Last week my co-blogger Liza Sisler (@lizasisler) shared a great story about the power of Twitter in connecting people and ideas. As a straightforward one-to-many messaging service, Twitter offers a lot of different ways to disseminate knowledge. I think one of the most compelling use cases is in helping experts share information with non-experts—on Twitter, by following an expert in a given field, non-experts can learn about news, videos, and articles that a subject matter expert finds useful and informative. And unlike more traditional forms of online information, the 140 character limit of each Tweet helps ensure that each blast of information is concise and [usually] easy for users to decide whether to click through on a link or ignore it. As such, it’s possible to follow dozens (maybe even hundreds, if you’re really good) of different people and gain exposure to just as many ideas.
When it comes to healthcare, I think there’s an enormous opportunity for Twitter to serve as a way for physicians (experts) to guide patients (non-experts) toward credible online resources. As Dr. Sean Khozin states in this New York Times article:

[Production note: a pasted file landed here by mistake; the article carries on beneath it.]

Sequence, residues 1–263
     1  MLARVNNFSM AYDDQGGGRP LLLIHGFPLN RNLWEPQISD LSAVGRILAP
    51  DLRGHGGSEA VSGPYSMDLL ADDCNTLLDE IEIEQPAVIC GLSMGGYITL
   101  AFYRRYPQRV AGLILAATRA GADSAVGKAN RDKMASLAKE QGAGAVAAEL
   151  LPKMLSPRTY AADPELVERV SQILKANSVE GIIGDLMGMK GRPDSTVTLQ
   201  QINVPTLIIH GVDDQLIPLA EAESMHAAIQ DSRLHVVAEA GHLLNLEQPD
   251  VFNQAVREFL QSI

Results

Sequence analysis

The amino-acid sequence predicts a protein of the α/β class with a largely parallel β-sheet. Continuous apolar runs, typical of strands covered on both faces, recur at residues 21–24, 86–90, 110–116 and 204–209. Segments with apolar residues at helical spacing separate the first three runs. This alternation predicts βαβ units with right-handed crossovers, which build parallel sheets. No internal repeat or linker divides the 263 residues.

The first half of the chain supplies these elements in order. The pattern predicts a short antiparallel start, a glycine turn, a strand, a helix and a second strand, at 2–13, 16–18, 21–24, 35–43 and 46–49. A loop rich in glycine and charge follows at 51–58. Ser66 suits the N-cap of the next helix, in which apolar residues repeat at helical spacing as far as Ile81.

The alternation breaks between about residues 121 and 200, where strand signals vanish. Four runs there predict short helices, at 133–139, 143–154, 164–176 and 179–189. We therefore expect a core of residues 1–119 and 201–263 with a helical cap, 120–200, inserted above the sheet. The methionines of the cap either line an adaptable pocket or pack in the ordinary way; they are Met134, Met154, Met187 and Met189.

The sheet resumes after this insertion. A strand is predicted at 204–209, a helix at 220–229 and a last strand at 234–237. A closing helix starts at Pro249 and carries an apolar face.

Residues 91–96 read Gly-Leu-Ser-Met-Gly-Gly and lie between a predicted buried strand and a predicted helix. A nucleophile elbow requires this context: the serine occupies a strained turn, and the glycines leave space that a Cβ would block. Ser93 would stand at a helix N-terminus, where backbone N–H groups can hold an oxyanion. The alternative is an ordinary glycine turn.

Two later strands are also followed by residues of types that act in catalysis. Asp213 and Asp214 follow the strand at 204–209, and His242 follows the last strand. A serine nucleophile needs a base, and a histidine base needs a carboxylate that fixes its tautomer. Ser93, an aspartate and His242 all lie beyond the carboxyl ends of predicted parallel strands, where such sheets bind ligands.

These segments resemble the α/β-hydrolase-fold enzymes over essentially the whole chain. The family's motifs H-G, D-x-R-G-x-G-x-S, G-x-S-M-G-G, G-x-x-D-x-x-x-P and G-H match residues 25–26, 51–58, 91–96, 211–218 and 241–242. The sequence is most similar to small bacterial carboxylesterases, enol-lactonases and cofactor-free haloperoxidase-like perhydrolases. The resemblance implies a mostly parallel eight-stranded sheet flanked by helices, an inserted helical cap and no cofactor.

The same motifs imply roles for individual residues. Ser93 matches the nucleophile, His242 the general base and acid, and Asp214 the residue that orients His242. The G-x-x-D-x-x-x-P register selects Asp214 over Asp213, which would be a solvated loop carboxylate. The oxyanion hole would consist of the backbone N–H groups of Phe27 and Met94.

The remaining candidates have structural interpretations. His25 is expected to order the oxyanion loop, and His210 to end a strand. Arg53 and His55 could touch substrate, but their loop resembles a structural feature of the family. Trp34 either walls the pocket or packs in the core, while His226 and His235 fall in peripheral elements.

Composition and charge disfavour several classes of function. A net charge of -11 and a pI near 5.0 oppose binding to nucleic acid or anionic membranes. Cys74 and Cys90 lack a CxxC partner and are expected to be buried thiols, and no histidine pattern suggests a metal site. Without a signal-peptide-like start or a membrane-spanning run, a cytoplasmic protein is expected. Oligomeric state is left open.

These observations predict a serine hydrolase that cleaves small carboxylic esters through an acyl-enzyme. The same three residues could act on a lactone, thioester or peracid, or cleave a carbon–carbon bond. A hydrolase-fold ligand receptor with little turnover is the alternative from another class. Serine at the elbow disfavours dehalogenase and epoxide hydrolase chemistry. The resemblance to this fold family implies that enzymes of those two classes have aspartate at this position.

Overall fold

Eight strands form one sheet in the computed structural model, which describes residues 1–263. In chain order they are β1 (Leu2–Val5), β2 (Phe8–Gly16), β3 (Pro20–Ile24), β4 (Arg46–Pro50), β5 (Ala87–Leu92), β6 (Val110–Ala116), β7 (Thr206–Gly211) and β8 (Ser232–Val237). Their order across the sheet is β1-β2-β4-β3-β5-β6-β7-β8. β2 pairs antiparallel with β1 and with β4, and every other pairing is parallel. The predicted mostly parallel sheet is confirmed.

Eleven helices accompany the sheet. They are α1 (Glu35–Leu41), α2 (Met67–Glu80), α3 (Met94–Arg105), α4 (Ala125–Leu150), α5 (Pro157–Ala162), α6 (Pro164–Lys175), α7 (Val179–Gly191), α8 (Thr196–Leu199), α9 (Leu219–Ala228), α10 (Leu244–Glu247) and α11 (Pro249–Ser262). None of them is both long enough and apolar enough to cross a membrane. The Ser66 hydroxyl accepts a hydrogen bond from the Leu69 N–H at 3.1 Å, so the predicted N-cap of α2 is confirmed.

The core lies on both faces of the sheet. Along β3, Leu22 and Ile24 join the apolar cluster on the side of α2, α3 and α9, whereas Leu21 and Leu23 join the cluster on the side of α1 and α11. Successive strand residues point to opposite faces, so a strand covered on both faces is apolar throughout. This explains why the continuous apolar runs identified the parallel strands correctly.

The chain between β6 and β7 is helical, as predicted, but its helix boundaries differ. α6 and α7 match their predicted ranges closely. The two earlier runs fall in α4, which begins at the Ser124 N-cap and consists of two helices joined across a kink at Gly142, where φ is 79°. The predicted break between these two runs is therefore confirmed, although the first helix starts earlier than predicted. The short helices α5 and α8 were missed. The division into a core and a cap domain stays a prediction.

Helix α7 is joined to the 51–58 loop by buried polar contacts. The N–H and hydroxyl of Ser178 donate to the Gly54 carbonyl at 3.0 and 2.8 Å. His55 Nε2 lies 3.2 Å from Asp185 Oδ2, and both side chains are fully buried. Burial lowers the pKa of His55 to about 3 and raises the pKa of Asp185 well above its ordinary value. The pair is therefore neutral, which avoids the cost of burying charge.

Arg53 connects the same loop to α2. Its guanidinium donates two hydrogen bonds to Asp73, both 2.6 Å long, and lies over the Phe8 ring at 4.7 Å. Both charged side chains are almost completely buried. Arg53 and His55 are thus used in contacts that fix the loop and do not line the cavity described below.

Platforms like Twitter can be powerful if doctors are a lot more active in disseminating their expertise. Patients are being bombarded with information online, but I don’t think all that information necessarily empowers them. You also need expertise.
The potential usefulness of Twitter in spreading health-related information is particularly striking when considering a recent study by the Pew Internet & American Life Project. The November 2010 study found that while 8% of all online Americans use Twitter (a number that’s sure to grow), 13% of African Americans that are online and 18% of Hispanic Americans that are online use Twitter. As such, the presence of health-related information on Twitter may have a disproportionately positive impact on these communities, communities which have historically been underserved by healthcare. Obviously, Twitter won’t erase disparities in healthcare delivery, but it does offer the potential to help empower patients with information from credible, authoritative sources.
The best part is that any Twitter user can follow and in some cases interact with any physician with a public Twitter account, regardless of insurance (or lack thereof), geography, or other constraints that historically limited a patient’s information to whatever brochures were in their local physician’s office. Some of the physicians I follow on Twitter include @Doc4Heart, @kevinmd, @davisliumd, and @seankhozin. There’s even this list of physicians on Twitter.
Who are some of the physicians you follow on Twitter?